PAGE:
Response times were longer for switch trials than nonswitch trials under both single-task and dual-task conditions (F1,18 = 67.77, P ≤ .001, η2 = 0.79). An interaction was noted for response time between trial type (nonswitch versus switch) and test condition (single task versus dual task) (F1,18 = 5.084, P = .037, η2 = 0.22). As seen in Figure 2, RT during dual-task conditions was longer than during single-task conditions but only for switch trials. Analyses of response errors yielded main effects for trial type (F1,18 = 5.58, P = .03, η2 = 0.24), which were qualified by a trial type × test-condition interaction (F1,18 = 8.35, P = .01, η2 = 0.32). As shown in Figure 3, participants made more errors during dual-task conditions but only on switch trials.
The purpose of our study was to investigate the effects of introducing visual and nonvisual conditions of the SOT in conjunction with an auditory cognitive task on balance and cognitive performance. Our results confirmed and extended the findings obtained by Broglio et al,5 which indicated that balance would be maintained at the expense of cognitive function with regard to both RT and errors. Similar to prior researchers,4,5,7,12 we found that young adults' postural stability increased during the fixed-fixed and fixed-sway conditions and remained unchanged during the remainder of the balance conditions. With respect to the cognitive task, we observed a concomitant increase in RT and number of errors with increasing difficulty of the balance task.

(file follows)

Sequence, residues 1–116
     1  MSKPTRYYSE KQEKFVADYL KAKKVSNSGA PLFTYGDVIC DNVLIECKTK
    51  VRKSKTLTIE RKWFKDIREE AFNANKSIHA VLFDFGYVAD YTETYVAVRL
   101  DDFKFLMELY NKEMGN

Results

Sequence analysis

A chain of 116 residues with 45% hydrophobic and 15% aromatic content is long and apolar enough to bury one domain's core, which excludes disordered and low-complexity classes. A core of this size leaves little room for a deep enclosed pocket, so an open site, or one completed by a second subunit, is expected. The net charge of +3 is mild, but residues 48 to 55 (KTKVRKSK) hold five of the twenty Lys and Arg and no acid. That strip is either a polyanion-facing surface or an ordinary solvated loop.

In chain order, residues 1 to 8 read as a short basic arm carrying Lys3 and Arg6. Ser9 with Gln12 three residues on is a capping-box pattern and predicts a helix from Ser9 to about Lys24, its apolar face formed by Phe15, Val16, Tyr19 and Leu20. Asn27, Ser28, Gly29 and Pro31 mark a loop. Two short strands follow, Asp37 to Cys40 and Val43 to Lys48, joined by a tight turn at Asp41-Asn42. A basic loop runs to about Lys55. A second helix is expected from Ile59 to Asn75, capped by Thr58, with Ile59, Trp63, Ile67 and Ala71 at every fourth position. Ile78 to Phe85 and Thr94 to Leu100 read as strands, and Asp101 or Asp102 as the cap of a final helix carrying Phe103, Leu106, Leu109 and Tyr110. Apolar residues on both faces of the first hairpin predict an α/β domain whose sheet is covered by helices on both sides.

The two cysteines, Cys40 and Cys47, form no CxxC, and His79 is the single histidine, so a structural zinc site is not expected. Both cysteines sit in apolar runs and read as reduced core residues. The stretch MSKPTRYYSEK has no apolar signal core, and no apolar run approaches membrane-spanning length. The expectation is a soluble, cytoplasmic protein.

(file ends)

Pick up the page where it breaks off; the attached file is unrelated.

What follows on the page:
A physiologic explanation of our findings is that cerebral processing during dual-task conditions apparently modifies how the central nervous system controls postural stability. Under normal conditions, balance is controlled via integration of sensory information provided by the visual, vestibular, and somatosensory systems.5,13 Input based on limb positioning is transmitted to the basal ganglia. This signal is integrated with planned actions developed in the premotor cortex and supplementary motor cortex in the cerebellum. The descending pathway continues via alpha motor neurons, which innervate skeletal muscle, allowing for regulation of balance.5,14,15 Typically, the visual and somatosensory inputs provide the majority of information to maintain postural stability.5,16